The Fashion Conspiracy

Felicia Ann Ryan

It’s Like You Never Left


I get it, it’s hard. Swiping through fashionable looks and ootd’s while sitting in our sweats, cramped on the couch.

Heck, it’s hard to even look at someone who has put a comb through their hair at times.

These aren’t words spoken from the mouth (fingers?) of someone trying to empathize.

I feel it too. 

Working in fashion doesn’t absolve me of my style sins.  

Or protect me from the cocktail of feelings I down every time I get dressed, adrift in my own cozy conundrum, reaching for my tried and trues, guiltily diverting my eyes from the structured sections. Avoiding eye contact with any garment that may have a closure, collar or general purpose other than ensuring I’m not naked.  

I really shouldn’t use the term reach. Reaching implies that I’m selecting my look du jour from the fine options treasured enough to hang; precisely placed on matching hangers, divided into discernible sections. 

Nope. Most of my looks come straight from dresser drawers these days. The knit section mainly, anything with a not so subtle Lycra content, usually some cotton but rarely denim. 

And that’s ok.

I’ve embraced it, made it a “lewk”, became one with the coordinated knits and chunky socks. Actually, I’ve transformed my look around it, (or perhaps it around me?) ‘it’ being the current circumstances you may know a thing or two about yourself. And as I welcome this utilitarian version of my closet, I can’t help but think, that’s exactly what fashion is, ever evolving, it’s a reflection of a moment in time, history looking back at us, even if that time, our current time, epitomizes what would usually be seen as a general lack of style, the world of sweat pants and slide ons, the fringe of fashion.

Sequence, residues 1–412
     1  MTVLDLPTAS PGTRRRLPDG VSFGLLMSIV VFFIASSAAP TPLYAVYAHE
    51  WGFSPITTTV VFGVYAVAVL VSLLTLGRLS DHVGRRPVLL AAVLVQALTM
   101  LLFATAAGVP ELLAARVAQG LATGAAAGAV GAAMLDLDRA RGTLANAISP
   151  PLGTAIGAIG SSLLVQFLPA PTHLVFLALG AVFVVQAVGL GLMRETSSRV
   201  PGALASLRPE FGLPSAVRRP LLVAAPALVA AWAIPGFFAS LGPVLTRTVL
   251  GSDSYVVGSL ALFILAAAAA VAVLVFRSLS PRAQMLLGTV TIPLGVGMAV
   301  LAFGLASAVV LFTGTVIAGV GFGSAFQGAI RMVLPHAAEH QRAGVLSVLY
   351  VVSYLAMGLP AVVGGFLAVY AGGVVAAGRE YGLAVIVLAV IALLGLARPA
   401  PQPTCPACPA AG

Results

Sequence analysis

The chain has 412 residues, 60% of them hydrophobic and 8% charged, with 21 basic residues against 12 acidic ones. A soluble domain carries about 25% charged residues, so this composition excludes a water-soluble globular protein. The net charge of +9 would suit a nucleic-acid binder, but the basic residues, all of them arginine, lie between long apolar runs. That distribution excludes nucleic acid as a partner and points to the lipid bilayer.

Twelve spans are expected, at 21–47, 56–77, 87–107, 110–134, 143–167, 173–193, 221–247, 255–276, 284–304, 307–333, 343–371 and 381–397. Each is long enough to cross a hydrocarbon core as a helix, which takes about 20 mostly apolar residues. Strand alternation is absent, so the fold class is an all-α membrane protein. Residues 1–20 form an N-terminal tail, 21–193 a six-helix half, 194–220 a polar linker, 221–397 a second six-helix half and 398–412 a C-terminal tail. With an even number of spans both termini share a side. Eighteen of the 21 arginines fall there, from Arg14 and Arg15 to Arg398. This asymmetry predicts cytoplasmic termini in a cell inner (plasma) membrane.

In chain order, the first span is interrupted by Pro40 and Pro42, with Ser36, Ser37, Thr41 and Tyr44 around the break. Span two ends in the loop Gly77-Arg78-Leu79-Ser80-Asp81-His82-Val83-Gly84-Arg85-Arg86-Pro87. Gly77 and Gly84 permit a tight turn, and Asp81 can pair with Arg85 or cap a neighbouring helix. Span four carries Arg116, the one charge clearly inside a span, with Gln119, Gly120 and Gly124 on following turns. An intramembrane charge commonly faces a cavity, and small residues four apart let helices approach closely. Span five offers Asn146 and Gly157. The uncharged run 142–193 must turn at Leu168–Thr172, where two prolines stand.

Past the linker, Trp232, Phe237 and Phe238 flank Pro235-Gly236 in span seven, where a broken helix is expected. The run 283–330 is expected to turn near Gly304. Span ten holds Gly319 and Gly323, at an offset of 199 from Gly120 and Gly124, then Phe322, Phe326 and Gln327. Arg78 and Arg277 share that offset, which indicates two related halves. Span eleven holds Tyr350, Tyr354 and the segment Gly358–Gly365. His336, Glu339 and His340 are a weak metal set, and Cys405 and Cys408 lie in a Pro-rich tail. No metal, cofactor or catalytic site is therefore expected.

Personally, I love this paradox.   

The absolute definition of what fashion is, a reflection of a moment in time, the headline, “Fashion Faux Pas’ Makes History”.

And it makes me think of the many who say that fashion is on hold, interpreting this period of life as being put on pause. The “If there’s no reason to get dressed up, there’s no reason to really care” mentality. That there is this long stretch of just waiting and nothing else. Waiting for fashion to come back, for a reason to dress up again. A reason for personal expression. Waiting for when others will see, assembles paused until it’s ‘worth’ it once more.

But I have always been under the impression that fashion was for ourselves first, for the eyes of others second. And although we may be missing the second part, we all still have a reason. 

For the ‘Feeling’, not just for the ‘Looking’.  

This is the most that I have ‘felt’ my fashion in a long time, my choices one hundred percent based on how they make me feel, as my clothes support me through my every move from morning to night.


The feeling of it, as fashion picks me up, still possessing the power to change my mood just as fast as any friend can, an antidote to the toneless drone that at times can permeate the day.

It’s still there for me. Fashion never left. 

It transformed, so accommodating, fashion became what we needed it to be.

Donning daily sweatsuits in the place of formal ones  isn’t a lack of fashion, it is the solution fashion gave us to deal with the cards we’ve been dealt.

It’s the fashion of right now. 

Fashion becomes what we need it to be in the moment: it’s an outfit for an event, a uniform for work, or an extended transformation during a period in history, living as long as it’s needed, put to rest and reborn with a new era; but I predict the fashion of now will linger longer than the moment will. When we realize, after all these months, dressing for ourselves made us more comfortable, not just in our rotation of awkward work from home sitting positions but in ourselves; the lack of eyes promoting a new form of expression. Finally seeing fashion for the tool that it is

When the moment changes, so will fashion, and so will we and what we need it to be.

And for that I cannot wait. 

But I’m not waiting for you, fashion.

You’ve been here this entire time.

It’s like you never left.